This is clearly an attempt to intimidate people into not completing the Census, thereby undercounting millions in left-leaning states. Remember too — there are millions of non-citizens living legally in the US. A couple I know from India are here working with green cards — a family of five.

The constitution requires counting the persons living in the US — not citizens.

— Steve Patterson

 

St. Louis Board of Aldermen: New Board Bills Week 12 of 2019-2020 Session

July 3, 2019 Board of Aldermen, Featured Comments Off on St. Louis Board of Aldermen: New Board Bills Week 12 of 2019-2020 Session

The St. Louis Board of Aldermen will meet at 10am today, their  12th meeting of the 2019-2020 session. While they usually meet on Friday, they’re meeting today because of the Fourth of July holiday weekend.

As previously noted, they have the first two meetings labeled as Week #1, so they list this as week/meeting 11.

Today’s agenda includes four (4) new bills:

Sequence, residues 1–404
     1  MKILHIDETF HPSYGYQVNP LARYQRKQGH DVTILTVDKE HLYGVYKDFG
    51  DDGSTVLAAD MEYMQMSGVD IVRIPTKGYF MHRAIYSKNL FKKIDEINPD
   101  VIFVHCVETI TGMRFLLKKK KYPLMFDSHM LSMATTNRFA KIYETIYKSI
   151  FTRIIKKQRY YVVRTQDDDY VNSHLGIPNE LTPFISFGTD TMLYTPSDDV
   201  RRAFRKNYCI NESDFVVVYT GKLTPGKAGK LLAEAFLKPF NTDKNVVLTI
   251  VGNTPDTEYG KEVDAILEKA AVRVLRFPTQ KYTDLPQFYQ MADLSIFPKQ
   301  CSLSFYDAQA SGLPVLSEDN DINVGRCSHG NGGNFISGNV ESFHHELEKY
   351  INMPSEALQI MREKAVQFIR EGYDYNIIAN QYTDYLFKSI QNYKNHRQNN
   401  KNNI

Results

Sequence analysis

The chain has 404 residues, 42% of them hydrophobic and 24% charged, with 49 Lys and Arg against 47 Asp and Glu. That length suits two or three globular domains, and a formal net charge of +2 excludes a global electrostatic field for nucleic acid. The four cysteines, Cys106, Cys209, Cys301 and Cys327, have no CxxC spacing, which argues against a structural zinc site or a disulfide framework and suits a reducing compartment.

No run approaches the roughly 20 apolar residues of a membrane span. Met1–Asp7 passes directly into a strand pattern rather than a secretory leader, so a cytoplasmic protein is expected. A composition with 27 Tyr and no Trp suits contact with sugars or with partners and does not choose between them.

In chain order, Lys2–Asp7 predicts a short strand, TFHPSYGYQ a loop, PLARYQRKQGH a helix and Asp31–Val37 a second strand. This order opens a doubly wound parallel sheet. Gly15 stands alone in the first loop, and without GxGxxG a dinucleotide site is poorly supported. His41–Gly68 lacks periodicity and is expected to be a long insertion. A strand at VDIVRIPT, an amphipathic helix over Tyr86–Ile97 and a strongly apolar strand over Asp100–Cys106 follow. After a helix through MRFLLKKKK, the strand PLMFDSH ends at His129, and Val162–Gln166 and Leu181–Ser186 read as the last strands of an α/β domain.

• B.B.#85 – Dan Guenther – An ordinance approving the dissolution of the Cherokee Station Special Business District and the discharge of the members of its board of commissioners, by repealing Ordinance No. 58600, approved May 6, 1982.
  • B.B.#86 – Roddy – An ordinance pertaining to parking within the “4400 Gibson Avenue Residential Parking District;” establishing the location and restrictions for curb parking in the restricted parking zone within the 4400 Gibson Avenue Residential Parking District (the “District”); authorizing the placement of Permit Parking Only signs within the District; and prohibiting the parking, within the District, of any vehicle which does not display the authorized permit; containing definitions, a penalty clause and an emergency clause.
  • B.B.#87 – Narayan – An ordinance approving a blighting study and Redevelopment Plan for the 7202-7220 Arsenal St. Redevelopment Area
  • B.B.#88 – Martin – An ordinance repealing Ordinance 69427 approved February 21, 2013, and pertaining to City public works contracts, Tax Increment Finance projects and St. Louis Bonded Projects, and workforce diversity, and establishing apprenticeship training, construction workforce development, and a Community Jobs Board, and in lieu thereof establishing a new ordinance pertaining to the same; and containing a severability clause and effective date.

The meeting begins at 10am, past meetings and a live broadcast can be watched online here. See list of all board bills for the 2019-2020 session — the new bills listed above may not be online right away.

Next week they’ll meet on Friday July 12th — their last meeting before Summer break.

— Steve Patterson